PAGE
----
Jack Napier is a petty crime lord, a jack who wants to be king. But the king of this deck of Gotham City mobsters—Carl Grissom—sees Jack as more of a nine of diamonds, or maybe even a two of clubs: mostly useless and expendable.
A chess metaphor would be more apt than cards here, we think. Napier wants to be the pawn who makes it to the other side of the board and evolves into a stronger piece. After all, Jack thinks that:
JACK: He can't run this city without me.
Napier is cocky, over-confident, and full of himself. And when Grissom finds out that Napier wants to take over, he decides it's a good time for a game of Slap Jack. Okay, we're back to card metaphors now.
A Joker is wild card, and Napier's acid-borne alter-ego Joker makes it his mission to cause chaos in Gotham City. He sees art, beauty, and humor in death and destruction. He also fancies himself an artist instead of psychopathic murderer.
Perhaps because of his focus on appearances, Joker's targets are often beautiful women and models. He poisons cosmetics, and his first big crime ends up killing two models and three women at a beauty parlor. The fashion industry is often accused of being inhumane, and Joker's crimes manage to be even more misogynistic, leaving many dead women in his wake.
Before becoming Joker, one of Napier's goals is to have Grissom's girlfriend to himself. After becoming Joker, he uses Grissom's girlfriend's face as his canvas, tormenting her until she commits suicide. With her dead and disposed of, he sets his sights on Vicki Vale, telling his lackey:
JOKER: I'm about to get a new girl, Bobby. I'm of a mind to make some mooky.
Joker sees women more as objects either to manipulate their appearance or as trophies to be won. A lot of card games are played without a Joker in the deck, but they do need the queens. It's Joker who is expendable, not the women, so Batman makes it his mission to remove him from the game.
Full of Himself
Joker is greedy and vain, and he targets citizens of Gotham who possess the same vices. His cosmetics plot endangers the lives of anyone who purchases a product to look better. After Batman foils that plot, Joker drops money in the city to lure out its greedy citizens and gas them.
But Joker's own greed and vanity do him in. His greed leads him to being dropped into acid and becoming Joker. And Vicki exploits Joker's vanity in Gotham Cathedral, distracting him so that Batman can get the upper hand. Joker's so vain, he thinks Vicki is actually into him, saying:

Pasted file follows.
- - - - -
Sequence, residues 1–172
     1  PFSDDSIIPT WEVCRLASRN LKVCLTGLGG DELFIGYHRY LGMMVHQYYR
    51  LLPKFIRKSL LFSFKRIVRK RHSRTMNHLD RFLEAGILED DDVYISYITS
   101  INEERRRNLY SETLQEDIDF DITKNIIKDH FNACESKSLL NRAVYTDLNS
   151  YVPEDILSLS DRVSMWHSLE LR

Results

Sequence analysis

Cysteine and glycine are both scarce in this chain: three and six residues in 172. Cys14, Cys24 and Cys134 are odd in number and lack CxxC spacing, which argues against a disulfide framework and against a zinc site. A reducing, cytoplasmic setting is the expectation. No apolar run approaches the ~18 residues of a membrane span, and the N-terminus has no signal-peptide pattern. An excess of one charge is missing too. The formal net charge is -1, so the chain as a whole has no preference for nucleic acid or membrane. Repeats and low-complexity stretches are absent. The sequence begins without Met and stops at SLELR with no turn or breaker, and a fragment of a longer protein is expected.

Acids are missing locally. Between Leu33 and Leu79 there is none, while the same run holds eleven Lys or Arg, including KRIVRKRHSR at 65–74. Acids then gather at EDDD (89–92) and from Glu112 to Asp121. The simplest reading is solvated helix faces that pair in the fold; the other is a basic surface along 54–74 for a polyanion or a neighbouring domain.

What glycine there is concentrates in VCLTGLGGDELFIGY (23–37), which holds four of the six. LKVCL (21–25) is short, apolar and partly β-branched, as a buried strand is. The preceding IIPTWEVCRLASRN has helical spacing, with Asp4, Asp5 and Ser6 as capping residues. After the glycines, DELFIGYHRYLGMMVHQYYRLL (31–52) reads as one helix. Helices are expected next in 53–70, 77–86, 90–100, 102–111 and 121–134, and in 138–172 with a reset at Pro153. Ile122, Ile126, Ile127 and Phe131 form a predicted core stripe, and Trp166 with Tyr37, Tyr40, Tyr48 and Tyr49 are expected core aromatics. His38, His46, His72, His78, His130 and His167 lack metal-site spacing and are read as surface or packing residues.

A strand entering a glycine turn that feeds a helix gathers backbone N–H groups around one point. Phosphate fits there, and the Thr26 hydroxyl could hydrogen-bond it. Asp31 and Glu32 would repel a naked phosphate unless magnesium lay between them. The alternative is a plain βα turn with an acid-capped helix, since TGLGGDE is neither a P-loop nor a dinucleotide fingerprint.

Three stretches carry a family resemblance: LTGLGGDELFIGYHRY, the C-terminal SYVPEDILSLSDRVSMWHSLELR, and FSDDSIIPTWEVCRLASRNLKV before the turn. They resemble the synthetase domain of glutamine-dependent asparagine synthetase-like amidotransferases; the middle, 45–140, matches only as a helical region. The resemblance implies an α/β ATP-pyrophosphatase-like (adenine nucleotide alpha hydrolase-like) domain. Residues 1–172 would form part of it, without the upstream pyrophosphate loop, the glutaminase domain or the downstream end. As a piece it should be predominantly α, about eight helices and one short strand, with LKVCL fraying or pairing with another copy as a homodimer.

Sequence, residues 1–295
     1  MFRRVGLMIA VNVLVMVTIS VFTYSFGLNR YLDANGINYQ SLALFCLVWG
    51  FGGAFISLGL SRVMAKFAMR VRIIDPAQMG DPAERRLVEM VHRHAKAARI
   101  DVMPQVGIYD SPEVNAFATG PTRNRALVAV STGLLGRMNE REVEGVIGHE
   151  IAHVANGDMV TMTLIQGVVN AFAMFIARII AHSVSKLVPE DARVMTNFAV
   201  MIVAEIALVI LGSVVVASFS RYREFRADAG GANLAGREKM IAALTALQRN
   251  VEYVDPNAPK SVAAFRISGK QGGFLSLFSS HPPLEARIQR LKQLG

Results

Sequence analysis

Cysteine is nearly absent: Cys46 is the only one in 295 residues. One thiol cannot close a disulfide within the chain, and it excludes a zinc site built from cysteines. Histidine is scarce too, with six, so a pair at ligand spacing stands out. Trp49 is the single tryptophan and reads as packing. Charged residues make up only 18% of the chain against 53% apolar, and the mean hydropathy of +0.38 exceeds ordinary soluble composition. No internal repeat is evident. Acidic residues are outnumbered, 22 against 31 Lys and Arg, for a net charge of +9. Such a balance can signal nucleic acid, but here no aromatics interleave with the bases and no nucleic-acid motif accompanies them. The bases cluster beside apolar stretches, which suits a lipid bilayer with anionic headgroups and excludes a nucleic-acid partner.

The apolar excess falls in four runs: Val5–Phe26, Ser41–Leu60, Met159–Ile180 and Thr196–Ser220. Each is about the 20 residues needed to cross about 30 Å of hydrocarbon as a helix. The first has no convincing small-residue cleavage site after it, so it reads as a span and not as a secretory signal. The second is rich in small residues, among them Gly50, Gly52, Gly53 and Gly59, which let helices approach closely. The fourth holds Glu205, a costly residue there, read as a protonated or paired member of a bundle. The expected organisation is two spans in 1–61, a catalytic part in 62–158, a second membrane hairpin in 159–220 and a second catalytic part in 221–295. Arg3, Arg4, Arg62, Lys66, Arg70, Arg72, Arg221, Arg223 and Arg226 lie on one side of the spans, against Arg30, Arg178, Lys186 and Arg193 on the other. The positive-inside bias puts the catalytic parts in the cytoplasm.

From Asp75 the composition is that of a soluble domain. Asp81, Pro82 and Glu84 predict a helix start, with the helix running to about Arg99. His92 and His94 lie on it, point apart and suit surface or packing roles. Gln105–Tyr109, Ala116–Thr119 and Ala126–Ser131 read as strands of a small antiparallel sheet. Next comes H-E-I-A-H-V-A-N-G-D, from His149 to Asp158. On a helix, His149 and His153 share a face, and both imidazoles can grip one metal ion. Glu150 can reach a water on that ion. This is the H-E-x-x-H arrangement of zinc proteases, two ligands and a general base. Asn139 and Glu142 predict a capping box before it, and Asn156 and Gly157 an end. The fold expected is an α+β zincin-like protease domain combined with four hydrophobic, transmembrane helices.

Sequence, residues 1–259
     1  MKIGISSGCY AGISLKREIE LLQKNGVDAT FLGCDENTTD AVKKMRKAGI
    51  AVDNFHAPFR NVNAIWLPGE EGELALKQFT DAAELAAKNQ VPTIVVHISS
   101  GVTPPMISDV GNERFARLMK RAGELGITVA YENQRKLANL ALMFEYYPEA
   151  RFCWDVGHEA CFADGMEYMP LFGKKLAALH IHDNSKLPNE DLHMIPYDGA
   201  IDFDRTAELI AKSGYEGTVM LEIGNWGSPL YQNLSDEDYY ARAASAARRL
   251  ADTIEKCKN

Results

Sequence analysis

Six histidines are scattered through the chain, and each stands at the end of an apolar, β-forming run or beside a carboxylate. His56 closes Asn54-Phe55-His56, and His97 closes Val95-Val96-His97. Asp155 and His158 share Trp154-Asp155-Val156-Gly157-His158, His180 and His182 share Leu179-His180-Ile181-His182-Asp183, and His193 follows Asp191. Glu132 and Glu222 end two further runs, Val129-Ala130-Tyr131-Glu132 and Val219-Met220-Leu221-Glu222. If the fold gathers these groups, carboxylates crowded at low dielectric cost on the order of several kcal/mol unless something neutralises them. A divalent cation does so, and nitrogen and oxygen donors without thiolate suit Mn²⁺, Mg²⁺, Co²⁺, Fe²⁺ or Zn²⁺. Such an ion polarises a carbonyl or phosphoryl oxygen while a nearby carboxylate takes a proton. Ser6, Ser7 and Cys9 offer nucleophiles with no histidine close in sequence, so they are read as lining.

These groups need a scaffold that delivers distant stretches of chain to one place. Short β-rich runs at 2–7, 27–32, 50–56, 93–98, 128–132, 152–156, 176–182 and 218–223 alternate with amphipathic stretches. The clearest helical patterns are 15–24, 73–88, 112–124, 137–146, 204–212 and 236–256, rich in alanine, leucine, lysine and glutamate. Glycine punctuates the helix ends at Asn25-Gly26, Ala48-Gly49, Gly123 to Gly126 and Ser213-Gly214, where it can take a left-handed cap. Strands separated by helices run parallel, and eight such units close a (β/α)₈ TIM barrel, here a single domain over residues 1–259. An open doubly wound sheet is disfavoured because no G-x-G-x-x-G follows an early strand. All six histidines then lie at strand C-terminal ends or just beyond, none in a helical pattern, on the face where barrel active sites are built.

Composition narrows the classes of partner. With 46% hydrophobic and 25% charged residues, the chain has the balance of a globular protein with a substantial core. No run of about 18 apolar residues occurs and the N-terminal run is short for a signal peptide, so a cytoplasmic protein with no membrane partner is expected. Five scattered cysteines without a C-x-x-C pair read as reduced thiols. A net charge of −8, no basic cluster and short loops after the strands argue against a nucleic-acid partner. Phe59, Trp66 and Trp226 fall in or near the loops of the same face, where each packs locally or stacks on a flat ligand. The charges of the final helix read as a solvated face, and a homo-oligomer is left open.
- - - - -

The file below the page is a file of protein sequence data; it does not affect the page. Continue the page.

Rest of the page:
JOKER: It's as though we were made for each other. Beauty and the Beast. Of course, if anyone else calls you "beast," I'll rip their lungs out.
Jack Napier was vain too. He tried to establish himself in the crime world with a silly catchphrase to utter every time he killed someone.
JOKER: Tell me something, my friend. You ever dance with the devil in the pale moonlight? […] I always ask that of all my prey. I just like the sound of it.
Repeating this phrase exposes him to Bruce Wayne as the killer of his parents, which makes Batman even more determined to bring Joker down to avenge his folks. Couldn't he have gone with someone more trite, like "Stick 'em up"?
Green with Envy
In addition to greed and vanity, Napier's biggest driving force is also his biggest weakness: envy. He envies Carl Grissom's position as kingpin, he covets his girlfriend "Sugar Bumps," and once Batman shows up on the scene, Napier envies him and his gadgets.
JOKER: Where does he get those wonderful toys?
When Grissom finds out about Joker's ambition, he sets him up to be killed by the police. That's when Batman accidentally drops Napier into a vat of acid, inadvertently birthing Napier's alter ego: Joker. As Joker, Napier wants more, more, more. He wants more money, more power, more fame, more women. Permanently unsatisfied, Joker keeps reaching and climbing until he literally falls off a building and dies.
If Joker had Batman's "wonderful toys" he may not have died at the end. Both Joker and Batman plummet from the roof of Gotham Cathedral, but Batman manages to save himself with his gadgets. Joker's laughing box does little to break his fall.
Anyone who says "laughter heals" hasn't tried to save themselves from a 100-story fall by chuckling.